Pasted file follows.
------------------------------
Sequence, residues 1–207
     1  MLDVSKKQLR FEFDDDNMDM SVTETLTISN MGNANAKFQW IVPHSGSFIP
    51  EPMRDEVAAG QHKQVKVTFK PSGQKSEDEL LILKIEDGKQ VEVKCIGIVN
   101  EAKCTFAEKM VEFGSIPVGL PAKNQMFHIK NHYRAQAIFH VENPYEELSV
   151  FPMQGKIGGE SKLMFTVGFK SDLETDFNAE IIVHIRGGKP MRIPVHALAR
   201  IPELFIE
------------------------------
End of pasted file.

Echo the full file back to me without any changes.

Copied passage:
Sequence, residues 1–207
     1  MLDVSKKQLR FEFDDDNMDM SVTETLTISN MGNANAKFQW IVPHSGSFIP
    51  EPMRDEVAAG QHKQVKVTFK PSGQKSEDEL LILKIEDGKQ VEVKCIGIVN
   101  EAKCTFAEKM VEFGSIPVGL PAKNQMFHIK NHYRAQAIFH VENPYEELSV
   151  FPMQGKIGGE SKLMFTVGFK SDLETDFNAE IIVHIRGGKP MRIPVHALAR
   201  IPELFIE